The headline on the British news website, http://www.guardian.co.uk/world/2010/aug/06/wyoming-grand-teton-national-park, reads “US national park faces sale.” The story talks about school section land the state of Wyoming owns within the boundaries of Grand Teton National Park and the Wyoming Governor’s threat to sell the land to the highest bidder if the federal government will not swap the land for a minerals estate of equal value or other compensation. Headlines like this are used by some organizations to suggest that our national parks are threatened and not adequately protected or funded.
A little Grant Teton history is warranted here. According to the National Park Service history of the park, “The birth of present-day Grand Teton National Park involved controversy and a struggle that lasted several decades. Animosity toward expanding governmental control and a perceived loss of individual freedoms fueled anti-park sentiments in Jackson Hole that nearly derailed establishment of the park.” A large portion of Grand Teton was carved out of private land that had been bought up by John D. Rockefeller and later donated to the National Park Service. Unlike nearby Yellowstone National Park, the nation’s first, that was 100% federal land when it was established in 1872, Grand Teton to this day continues to have substantial tracts of privately owned land within the park boundaries.
The tension between private land owners and the park system and the animosity generated by carving a park out of privately-held lands are very similar to what occurred in Virginia during the establishment of Shenandoah National Park and in North Carolina and Tennessee when Great Smokey National Park was established.
Back to the fire sale in Grand Teton, because the land in Jackson Hole that became Grand Teton National Park was private property, there are also state school lands in the park that were set aside when Wyoming was granted statehood in 1890. Under the Wyoming Constitution the state is required to manage those school lands to maximize return to the school trust for education in Wyoming.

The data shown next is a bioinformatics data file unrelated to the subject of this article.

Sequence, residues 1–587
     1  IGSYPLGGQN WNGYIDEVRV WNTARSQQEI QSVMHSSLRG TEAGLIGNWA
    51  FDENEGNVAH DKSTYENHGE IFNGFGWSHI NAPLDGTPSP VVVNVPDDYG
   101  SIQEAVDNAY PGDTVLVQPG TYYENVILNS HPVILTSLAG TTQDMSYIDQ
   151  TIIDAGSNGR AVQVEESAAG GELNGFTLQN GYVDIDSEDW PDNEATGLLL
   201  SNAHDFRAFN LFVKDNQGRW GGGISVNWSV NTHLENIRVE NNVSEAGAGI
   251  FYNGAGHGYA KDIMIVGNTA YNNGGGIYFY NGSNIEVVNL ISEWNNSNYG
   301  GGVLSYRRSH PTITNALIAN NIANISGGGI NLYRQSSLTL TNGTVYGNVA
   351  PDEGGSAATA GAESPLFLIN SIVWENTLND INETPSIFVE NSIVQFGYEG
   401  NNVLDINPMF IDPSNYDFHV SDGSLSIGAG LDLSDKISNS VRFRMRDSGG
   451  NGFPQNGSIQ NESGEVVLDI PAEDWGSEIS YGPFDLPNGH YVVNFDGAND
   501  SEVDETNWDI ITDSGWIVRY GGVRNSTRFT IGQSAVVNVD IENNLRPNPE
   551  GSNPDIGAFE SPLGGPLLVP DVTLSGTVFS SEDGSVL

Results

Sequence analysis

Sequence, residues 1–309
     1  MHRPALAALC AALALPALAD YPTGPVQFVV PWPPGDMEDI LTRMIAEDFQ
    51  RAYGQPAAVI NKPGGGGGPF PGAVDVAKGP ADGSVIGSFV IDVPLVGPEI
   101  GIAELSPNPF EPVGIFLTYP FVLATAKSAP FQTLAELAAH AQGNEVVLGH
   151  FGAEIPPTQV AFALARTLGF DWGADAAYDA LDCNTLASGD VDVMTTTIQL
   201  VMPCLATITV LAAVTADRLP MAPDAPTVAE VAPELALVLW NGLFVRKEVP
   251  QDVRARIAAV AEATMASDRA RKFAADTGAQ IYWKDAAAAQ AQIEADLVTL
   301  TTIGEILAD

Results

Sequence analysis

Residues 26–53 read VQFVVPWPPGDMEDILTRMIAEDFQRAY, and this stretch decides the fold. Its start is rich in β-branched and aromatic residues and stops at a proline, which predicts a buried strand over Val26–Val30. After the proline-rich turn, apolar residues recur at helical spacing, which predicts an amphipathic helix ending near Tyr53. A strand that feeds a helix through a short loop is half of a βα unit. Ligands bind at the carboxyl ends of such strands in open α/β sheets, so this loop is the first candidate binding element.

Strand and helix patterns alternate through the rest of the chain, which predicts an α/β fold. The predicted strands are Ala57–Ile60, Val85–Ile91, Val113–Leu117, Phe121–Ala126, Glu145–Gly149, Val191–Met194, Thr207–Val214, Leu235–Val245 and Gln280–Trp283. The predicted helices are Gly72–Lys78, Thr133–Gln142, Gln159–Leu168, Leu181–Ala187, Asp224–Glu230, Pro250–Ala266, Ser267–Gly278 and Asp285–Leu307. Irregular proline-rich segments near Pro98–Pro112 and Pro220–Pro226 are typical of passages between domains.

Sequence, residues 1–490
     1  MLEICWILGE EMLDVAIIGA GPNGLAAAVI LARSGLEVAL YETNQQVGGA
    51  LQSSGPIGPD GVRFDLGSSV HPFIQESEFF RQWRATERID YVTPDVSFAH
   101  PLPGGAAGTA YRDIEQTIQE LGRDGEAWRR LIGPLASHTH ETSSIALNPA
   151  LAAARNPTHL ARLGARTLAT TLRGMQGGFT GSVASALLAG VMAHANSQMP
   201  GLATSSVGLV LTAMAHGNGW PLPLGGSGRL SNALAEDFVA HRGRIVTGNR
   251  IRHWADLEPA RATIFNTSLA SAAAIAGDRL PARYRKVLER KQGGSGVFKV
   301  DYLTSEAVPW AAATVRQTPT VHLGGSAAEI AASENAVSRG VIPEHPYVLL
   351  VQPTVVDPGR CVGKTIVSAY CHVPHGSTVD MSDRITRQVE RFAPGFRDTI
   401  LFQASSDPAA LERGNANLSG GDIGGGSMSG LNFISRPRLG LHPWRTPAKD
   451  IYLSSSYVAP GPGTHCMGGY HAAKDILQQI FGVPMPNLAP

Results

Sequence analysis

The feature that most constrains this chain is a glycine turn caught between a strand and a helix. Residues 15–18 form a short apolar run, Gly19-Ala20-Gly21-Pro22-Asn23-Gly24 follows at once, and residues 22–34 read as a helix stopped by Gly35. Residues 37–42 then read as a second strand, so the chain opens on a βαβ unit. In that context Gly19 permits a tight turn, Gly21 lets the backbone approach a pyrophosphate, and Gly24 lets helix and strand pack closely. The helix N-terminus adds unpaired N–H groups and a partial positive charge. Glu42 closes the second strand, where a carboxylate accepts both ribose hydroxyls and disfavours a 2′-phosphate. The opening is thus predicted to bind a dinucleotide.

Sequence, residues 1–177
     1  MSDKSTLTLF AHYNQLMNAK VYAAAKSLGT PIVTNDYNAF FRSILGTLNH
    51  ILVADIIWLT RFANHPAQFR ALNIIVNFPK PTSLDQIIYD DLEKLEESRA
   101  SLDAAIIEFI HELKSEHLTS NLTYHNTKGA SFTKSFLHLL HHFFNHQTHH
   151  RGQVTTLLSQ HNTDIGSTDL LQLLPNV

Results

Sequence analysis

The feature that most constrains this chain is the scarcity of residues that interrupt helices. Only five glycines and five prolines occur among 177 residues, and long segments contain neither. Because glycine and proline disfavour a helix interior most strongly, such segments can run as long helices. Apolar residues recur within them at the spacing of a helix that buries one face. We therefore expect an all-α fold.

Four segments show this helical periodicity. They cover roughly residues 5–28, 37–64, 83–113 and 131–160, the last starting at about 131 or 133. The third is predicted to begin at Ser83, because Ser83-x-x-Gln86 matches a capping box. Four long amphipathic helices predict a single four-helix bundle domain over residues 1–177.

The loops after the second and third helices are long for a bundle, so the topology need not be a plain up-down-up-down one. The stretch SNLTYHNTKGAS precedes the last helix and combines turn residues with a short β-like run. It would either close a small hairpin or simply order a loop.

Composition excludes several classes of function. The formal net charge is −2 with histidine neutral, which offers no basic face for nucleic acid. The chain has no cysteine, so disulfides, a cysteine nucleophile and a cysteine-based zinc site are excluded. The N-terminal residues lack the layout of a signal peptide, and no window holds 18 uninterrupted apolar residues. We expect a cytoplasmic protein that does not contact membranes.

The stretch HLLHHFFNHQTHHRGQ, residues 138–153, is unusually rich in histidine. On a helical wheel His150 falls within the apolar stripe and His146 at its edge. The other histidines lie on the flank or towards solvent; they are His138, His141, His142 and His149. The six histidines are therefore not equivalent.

In Grand Teton, Wyoming owns two full sections (a section is one mile square or 640 acres) of land plus one smaller 85 acre parcel. With land values in Jackson Hole at about $200,000 per acre, it is easy to see why Wyoming may be tempted to sell their land. Especially when you consider that the state currently receives about $3,000 per year in grazing lease revenue on land that may be worth more than $250 million.
Back in 2002, Congress passed a law directing the National Park Service and the Bureau of Land Management to work out an exchange with Wyoming for the state lands inside the park. At the time, Wyoming wanted undeveloped minerals of equal value to the land, but valuation of undeveloped minerals is challenging and other matters of law caused that deal to bog down. Moreover, nobody really wants to have the state land sold into private ownership and that includes the residents of Wyoming who have long since realized that, despite a controversial beginning, Grand Teton is an economic engine that drives millions of dollars into Wyoming’s economy every year in the form of tourism. There is also the recognition in Wyoming that even though $250 million is not chump change, it would be quickly absorbed into the $1.4 billion per year school budget and $1.4 billion per year capital construction for schools.
So the questions are: Will Wyoming really sell their land inside Grand Teton National Park? Is it worth $250 million to a bankrupt federal treasury to make sure Wyoming does not sell the land?
In my opinion, the answer to the first question is “No.” I believe Wyoming’s governor is playing high stakes poker and attempting to leverage the national and international appeal of Grand Teton National Park to extract money from the feds. To answer the second question, let’s first take a look at the National Park Service annual budget and what they should be doing with the funds they are appropriated.